At his Uncle Abraham’s basket shop in Bow
The recent exhibition of East London Group painters in Bloomsbury – the first in eighty years – raised the question: Which of the members most closely embodied what the Group stood for ? There are many advocates for Archibald Hattemore, Elwin Hawthorne, Cecil Osborne, Harold & Walter Steggles, and Albert Turpin – all painters from backgrounds that were not arty in any conventional sense who became inspired by their teacher John Cooper, the founder of the Group. Yet for some, the shadowy figure of Henry Silk, creator of highly personal and poetically understated images, is pre-eminent.
Silk’s talent was quickly recognised as far away as America, even while the Group was just establishing itself in the early thirties. In December 1930, when the second Group show was held in the West End at Alex. Reid & Lefevre, the national press reported that over two-thirds of pictures were sold, listing a batch of works bought by public collections. The Daily Telegraph and Sunday Times revealed that, in addition to British purchases, the far-away Public Gallery of Toledo in Ohio had bought Silk’s ‘Still Life’ for six guineas.
American links continued when, early in 1933, Helen McCloy filing an insightful survey of the group’s achievements for the Boston Evening Transcript, judged Silk to have “the keenest technical sense of all the limitations and possibilities of paint.” Coincident with McCloy’s article, Hope Christie Skillman in the College Art Association’s publication Parnassus, distinguished Silk as “perhaps the most original and personal of the Group,” finding in his works such as The Railway Track, The Platelayers, The Tyre Dump and The Wireless Set, “beauty where we were taught not to see it.”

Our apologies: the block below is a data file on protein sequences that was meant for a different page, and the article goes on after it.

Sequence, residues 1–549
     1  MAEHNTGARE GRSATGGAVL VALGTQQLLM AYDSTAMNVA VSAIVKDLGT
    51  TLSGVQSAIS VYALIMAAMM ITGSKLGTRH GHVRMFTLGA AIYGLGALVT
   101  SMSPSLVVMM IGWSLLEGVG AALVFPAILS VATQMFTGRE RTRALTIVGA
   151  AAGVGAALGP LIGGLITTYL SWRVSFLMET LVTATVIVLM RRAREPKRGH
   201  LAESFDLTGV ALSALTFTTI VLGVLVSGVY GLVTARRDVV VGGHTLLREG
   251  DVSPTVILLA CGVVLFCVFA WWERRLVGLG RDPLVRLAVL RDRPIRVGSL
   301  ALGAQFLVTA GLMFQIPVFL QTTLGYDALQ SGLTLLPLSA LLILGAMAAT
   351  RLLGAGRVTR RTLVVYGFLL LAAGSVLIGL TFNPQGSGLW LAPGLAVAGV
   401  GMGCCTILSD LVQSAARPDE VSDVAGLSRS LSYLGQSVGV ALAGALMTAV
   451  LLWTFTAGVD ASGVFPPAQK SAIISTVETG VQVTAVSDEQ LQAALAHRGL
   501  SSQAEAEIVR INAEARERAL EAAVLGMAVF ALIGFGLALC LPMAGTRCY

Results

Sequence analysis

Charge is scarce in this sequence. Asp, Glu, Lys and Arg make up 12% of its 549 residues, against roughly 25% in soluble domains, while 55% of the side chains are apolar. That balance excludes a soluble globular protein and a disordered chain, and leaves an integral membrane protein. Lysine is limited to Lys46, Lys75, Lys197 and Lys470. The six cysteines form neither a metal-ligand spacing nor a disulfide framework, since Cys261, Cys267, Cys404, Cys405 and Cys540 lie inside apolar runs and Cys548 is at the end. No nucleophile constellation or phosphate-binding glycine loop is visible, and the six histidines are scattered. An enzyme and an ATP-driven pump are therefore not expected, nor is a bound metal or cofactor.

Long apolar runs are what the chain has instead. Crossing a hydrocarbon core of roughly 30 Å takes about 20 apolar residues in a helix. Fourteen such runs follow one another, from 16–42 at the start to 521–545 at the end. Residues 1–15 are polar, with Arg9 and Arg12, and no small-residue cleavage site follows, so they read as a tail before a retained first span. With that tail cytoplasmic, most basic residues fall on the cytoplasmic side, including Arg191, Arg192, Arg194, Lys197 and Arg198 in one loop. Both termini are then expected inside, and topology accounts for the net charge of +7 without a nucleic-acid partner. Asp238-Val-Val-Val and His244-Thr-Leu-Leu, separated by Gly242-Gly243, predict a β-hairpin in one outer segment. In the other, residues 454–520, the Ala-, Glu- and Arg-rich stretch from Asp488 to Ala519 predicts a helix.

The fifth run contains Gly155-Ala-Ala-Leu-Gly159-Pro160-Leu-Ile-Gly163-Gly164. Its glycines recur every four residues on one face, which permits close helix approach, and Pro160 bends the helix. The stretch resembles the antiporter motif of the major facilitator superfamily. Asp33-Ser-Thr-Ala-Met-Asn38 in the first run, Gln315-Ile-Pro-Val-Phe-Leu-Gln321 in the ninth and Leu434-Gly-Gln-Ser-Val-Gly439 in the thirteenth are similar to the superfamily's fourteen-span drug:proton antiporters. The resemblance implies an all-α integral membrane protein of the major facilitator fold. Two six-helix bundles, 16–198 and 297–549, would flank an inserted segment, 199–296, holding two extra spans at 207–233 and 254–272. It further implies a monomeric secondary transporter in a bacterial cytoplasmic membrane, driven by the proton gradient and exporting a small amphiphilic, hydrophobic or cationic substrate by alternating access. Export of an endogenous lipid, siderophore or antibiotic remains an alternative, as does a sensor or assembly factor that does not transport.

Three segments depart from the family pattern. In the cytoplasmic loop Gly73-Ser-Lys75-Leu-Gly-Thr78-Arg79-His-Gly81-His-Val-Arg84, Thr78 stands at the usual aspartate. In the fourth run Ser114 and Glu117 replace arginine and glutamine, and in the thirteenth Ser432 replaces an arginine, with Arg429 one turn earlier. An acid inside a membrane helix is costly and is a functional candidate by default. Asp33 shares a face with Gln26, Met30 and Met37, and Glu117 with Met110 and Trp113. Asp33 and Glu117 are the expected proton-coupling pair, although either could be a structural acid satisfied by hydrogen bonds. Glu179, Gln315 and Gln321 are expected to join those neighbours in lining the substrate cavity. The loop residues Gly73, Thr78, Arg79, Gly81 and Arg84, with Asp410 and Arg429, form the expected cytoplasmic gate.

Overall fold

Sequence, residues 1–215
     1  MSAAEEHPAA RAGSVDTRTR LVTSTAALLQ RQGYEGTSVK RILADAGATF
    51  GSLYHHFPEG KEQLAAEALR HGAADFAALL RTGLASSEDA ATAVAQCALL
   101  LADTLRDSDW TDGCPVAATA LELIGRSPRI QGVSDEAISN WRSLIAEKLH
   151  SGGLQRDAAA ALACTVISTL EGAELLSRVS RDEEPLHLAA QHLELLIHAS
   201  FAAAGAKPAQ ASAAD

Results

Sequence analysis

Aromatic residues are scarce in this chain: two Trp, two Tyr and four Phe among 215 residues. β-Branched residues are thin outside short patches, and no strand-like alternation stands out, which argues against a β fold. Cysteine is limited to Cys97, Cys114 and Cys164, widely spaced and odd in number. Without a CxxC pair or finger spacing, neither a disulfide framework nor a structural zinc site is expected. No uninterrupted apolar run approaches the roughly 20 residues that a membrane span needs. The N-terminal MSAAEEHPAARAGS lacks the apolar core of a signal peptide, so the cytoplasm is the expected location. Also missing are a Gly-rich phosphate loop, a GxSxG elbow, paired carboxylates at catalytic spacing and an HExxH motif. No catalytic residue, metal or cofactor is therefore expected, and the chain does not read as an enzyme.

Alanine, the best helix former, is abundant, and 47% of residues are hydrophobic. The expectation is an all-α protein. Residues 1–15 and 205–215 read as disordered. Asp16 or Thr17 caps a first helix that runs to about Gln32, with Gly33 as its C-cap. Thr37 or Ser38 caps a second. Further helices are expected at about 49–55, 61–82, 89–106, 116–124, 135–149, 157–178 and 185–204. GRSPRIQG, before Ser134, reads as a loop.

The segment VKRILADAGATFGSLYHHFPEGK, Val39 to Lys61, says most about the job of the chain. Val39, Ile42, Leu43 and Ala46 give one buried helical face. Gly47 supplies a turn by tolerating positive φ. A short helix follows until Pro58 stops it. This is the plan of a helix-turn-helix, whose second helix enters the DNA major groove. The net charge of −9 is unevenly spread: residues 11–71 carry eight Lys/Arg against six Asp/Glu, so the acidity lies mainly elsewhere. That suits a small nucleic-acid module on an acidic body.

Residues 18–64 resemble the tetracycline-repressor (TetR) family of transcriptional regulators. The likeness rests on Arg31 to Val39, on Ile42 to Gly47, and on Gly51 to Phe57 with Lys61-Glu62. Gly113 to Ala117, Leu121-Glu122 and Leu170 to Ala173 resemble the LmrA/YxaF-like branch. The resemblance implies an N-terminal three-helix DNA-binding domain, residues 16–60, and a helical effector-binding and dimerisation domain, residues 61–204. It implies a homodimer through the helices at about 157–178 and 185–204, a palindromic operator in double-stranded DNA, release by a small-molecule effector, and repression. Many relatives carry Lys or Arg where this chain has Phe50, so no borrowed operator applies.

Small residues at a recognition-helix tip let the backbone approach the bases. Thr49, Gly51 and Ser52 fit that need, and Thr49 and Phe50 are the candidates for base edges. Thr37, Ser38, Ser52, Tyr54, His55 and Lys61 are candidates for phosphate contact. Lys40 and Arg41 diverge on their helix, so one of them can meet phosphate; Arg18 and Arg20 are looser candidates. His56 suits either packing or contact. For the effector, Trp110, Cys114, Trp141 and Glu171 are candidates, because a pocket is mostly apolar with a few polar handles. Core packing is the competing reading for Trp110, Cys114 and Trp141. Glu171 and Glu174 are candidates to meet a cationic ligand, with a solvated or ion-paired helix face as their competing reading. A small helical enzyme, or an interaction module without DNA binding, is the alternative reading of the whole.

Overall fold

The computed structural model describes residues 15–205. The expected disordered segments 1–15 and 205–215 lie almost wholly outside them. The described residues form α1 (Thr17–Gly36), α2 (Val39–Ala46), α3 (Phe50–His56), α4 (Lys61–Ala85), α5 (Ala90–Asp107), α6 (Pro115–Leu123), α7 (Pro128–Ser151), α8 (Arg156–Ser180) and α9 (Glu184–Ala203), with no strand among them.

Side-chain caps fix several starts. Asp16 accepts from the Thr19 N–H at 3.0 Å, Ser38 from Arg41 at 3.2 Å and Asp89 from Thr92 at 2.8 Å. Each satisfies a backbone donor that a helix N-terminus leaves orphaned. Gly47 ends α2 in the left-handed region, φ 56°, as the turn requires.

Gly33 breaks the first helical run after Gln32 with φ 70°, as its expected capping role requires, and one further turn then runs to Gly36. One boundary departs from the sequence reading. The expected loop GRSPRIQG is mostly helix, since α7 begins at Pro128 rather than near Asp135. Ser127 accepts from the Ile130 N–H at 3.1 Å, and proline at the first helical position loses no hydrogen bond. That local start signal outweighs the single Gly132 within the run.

Silk’s early life is obscure. He was an East Ender, born on Christmas Day 1883, who worked as a basket maker for an uncle, Abraham Silk, at his workshop and shop in the Bow Rd. Fruit baskets were in great demand then and men making baskets became features of Silk’s pictures. “He used to work for three weeks at basket-making and spend the fourth in the pub,” Group member Walter Steggles remembered, describing Silk’s erratic work and drink habits. Yet Steggles also spoke of Silk with affection, admitting “He was a kind-hearted man who always looked older than his years.”
Silk was the uncle of Elwin Hawthorne, one of the leading members of the group, and lived for a time with that family at 11 Rounton Rd in Bow. Elwin’s widow Lilian – who, as Lilian Leahy, also showed with the group – remembered Silk as “generous to others but mean to himself. He would use an old canvas if someone gave it to him rather than buy a new one.” This make-do-and-mend ethos was common among the often-hard-up Group members when it came to framing too. Cooper directed them to E. R. Skillen & Co, in Lamb’s Conduit St, where Walter Steggles used to buy old frames that could be cut to size.
During the First World War, the young Silk was already sketching. Even on military service in his early thirties, during which he was gassed, he would draw on whatever he could find to hand. By the mid-twenties, he was attending classes at the Bethnal Green Men’s Institute and exhibited when the Art Club had its debut show at Bethnal Green Museum early in 1924. The Daily Chronicle ran a substantial account of the spring 1927 exhibition, highlighting Henry Silk, the basket maker, whose paintings depicted “Zeppelins and were bought by an officer ‘for a bob.’”
Yorkshireman, John Cooper, who had trained at The Slade, taught at Bethnal Green and, when he moved to evening classes at the Bow & Bromley Evening Institute, he took many students with him including George Board, Archibald Hattemore, Elwin Hawthorne, Henry Silk, the Steggles brothers and Albert Turpin. They were members of the East London Art Club that had its exhibition at the Whitechapel Art Gallery in the winter of 1928, part of which transferred to what is now the Tate Britain early in 1929. These activities prompted the series of Lefevre Galleries annual East London Group shows throughout the thirties, with their sales to many notable private collectors and public galleries, and huge media coverage.